How has the cannabis industry reacted to the COVID-19 pandemic?

Like many businesses, those in cannabis were called upon to make adjustments to their retail operations in order to help combat the spread of COVID-19. The response by the industry has helped foster continued success during a time of great panic.

One significant strategy that has taken off is the launch of curbside pickup and delivery. Some states temporarily relaxed guidelines regarding where marijuana sales can take place. By doing so, governments opened the door for curbside and delivery services. The ability to incorporate curbside pickup and delivery provides a significant connection in what otherwise may have been a broken supply chain.

As many have had to do, dispensaries made changes to their store operations and implemented new strategies to encourage customers to continue buying in-store. Dispensaries are following health and safety protocols by installing hand sanitizer stations and limiting the number of customers in the store at a single time. Some have also instituted a “senior hour” – like many grocery stores have done – to allow senior citizens to shop at a designated time.

Cannabis companies have also had to adjust to the loss of a number of live events. But the loss has sparked creativity throughout the industry. Where companies originally planned to host elaborate month-long celebrations around April 20, 2020 (a.k.a., “4-20” among cannabis aficionados), some cannabis businesses shifted to celebrate the “holiday” with virtual parties and concerts, accessory and swag giveaways, and discounts on products.

While we are many months into the COVID-19 crisis, we are still assessing the overall impact on the industry as a whole. However, we can start to make educated predictions. For instance, the dubbing of cannabis businesses as “essential” is significant. Not only does “essential” designation convey the importance of these businesses, but it propels them into the mainstream and perhaps lessens the negative connotation that some may associate with the word “cannabis.” Another component to consider is the rise in delivery services and curbside pickup. While state officials have allowed these services “temporarily” it will be interesting to see if the success of the services leads to any legislative changes in the future.

Finally, many companies have noted a change in buying habits as a result of the outbreak. Mainly, the shift to edible products and away from those that require smoking. Edible sales appeared to increase significantly in the early months of the pandemic, whereas vape sales decreased. Will this be a lasting trend as the fear of coronavirus and other respiratory illnesses is sure to linger?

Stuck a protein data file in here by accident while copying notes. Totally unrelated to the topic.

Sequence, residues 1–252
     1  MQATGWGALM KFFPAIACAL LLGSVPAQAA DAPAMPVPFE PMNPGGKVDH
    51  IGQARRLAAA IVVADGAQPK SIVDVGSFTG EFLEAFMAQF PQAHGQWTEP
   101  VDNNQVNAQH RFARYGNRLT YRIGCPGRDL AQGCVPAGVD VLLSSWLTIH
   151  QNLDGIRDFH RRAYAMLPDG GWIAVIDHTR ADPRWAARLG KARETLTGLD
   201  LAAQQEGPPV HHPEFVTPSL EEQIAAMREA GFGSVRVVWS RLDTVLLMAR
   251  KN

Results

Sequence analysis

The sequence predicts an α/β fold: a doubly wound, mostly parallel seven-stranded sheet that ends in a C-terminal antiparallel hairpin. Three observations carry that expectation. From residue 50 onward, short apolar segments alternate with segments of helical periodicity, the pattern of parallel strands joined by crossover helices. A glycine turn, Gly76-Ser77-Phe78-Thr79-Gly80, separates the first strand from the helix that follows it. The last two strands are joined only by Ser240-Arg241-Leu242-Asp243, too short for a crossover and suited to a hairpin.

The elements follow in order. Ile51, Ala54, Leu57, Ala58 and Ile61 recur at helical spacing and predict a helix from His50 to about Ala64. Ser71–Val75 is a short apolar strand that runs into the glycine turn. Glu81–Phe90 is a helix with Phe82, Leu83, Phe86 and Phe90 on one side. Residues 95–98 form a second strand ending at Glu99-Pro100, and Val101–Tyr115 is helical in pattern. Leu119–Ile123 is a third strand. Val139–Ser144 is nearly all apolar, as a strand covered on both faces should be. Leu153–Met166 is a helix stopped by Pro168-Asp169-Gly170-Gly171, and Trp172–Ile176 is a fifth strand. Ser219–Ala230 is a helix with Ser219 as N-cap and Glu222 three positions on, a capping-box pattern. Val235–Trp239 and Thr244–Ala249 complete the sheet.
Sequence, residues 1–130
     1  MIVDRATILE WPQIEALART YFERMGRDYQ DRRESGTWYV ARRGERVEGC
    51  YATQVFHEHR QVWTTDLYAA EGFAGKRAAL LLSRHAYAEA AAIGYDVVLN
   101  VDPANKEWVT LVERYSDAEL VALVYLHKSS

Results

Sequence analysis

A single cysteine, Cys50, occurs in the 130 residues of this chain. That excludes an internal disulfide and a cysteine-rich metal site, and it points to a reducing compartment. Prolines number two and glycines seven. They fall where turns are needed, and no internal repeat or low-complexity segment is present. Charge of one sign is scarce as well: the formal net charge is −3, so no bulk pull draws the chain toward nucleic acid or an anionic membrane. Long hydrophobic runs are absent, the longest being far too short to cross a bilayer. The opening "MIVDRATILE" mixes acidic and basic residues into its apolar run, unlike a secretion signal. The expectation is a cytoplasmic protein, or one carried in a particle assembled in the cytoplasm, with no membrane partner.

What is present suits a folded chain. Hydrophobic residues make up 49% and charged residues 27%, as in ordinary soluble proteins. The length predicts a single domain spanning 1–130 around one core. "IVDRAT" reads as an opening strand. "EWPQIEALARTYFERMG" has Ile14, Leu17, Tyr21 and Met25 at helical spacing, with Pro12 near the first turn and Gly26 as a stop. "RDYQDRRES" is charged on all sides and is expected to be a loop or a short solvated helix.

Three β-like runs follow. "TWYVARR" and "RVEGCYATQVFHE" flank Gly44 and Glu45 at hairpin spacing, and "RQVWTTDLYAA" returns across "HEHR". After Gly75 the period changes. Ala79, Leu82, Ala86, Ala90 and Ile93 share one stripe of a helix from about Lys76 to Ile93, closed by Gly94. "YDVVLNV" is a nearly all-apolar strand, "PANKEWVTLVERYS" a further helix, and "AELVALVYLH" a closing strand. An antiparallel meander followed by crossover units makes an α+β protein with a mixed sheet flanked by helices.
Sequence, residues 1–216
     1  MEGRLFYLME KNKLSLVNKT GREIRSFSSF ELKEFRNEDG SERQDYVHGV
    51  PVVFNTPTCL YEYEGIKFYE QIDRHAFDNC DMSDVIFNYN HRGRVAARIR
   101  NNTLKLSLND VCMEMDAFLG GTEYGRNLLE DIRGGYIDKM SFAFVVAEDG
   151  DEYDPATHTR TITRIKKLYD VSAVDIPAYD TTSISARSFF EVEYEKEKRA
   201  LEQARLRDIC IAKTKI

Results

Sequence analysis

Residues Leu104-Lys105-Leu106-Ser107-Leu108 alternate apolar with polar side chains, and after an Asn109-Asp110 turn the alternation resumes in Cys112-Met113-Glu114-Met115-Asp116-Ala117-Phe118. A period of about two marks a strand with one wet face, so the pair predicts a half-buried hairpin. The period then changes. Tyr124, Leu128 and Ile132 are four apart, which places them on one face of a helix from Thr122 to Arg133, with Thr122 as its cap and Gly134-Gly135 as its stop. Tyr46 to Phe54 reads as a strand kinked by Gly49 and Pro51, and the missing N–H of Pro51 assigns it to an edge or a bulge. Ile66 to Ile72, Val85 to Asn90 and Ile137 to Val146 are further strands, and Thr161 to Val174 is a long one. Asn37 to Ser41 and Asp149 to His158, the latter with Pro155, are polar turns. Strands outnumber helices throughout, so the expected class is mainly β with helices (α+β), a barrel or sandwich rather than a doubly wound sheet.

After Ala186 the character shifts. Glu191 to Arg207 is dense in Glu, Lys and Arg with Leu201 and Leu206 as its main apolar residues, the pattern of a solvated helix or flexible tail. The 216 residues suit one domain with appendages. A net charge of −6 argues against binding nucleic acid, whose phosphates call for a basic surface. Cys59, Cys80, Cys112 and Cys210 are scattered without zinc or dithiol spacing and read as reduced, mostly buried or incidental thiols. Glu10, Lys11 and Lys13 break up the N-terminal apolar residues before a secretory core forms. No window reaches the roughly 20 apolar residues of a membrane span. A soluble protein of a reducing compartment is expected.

What federal challenges exist for the cannabis industry during this crisis?

While the industry experienced record sales and have been able to implement new sales and delivery options, it would be remiss to fail to acknowledge the challenges that continue to exist as marijuana continues continue to endure at the federal level.

The burgeoning industry does face some stiff financial headwinds: The CARES Act and its $2.2 trillion stimulus package, as well as the $900 billion stimulus relief funds authorized under the recently passed Consolidated Appropriations Act (CAA) largely shut out cannabis companies from taking advantage of its benefits, reflecting the continued federal illegality of marijuana. Prior to the recent boom in sales, the industry had been in financial turmoil, with many companies laying off workers and dismissing acquisitions as cash ran dry. Add to this the array of obstacles not seen in more traditional businesses including sky high tax burdens due to  Internal Revenue Code (IRC) section 280E prohibiting cannabis businesses from claiming standard business deductions, and the state-by-state nature of the industry where businesses have to replicate their operations in every new state rather than take advantage of economies of scale and shipping products across state lines. This is then exacerbated by the lack of access to commercial loans, institutional capital, standard insurance plans and federal bankruptcy protections.

US Covid-19 Financial Stimulus and Marijuana Businesses

When the CARES Act was passed, many questions emerged regarding those operating in the cannabis space, which questions remain with the passage of the CAA on December 27, 2020. Most commonly, whether a company could take advantage of the federally relief programs.

The conflict between state and federal law as it pertains to the legality of marijuana-related businesses continues to prevent the cannabis sector from receiving assistance from the U.S. Small Business Administration (SBA) under the CARES Act and the CAA. Thus, those involved in marijuana business were shut out from participating in the Paycheck Protection Program (PPP), as it is administered by the SBA. In light of COVID-19, the SBA revised its “Disaster Loan” process to provide low-interest “disaster loans” to eligible small businesses. The problem, however, is that the SBA still refuses to assist state-legal marijuana businesses in need of small business loans. Specifically, in a 2018 Policy Notice, the SBA reaffirmed that marijuana businesses – and even some non-“plant-touching” firms who service the cannabis industry – cannot receive aid in the form of federally backed loans.

How can Baker Tilly help?

Baker Tilly takes pride in being a business leader working with those in the cannabis industry to handle all of their accounting, tax and business consulting needs. Our Cannabis industry Value Architects™ have unrivaled experience and dedication to working with cannabis clients and understand the uniqueness of the industry and the depths of the concerns without federal protections. Please reach out to ask questions and develop insightful strategies for the short-term and long-term needs of your business.

Caroline B. Banzali
Partner, JD, LLM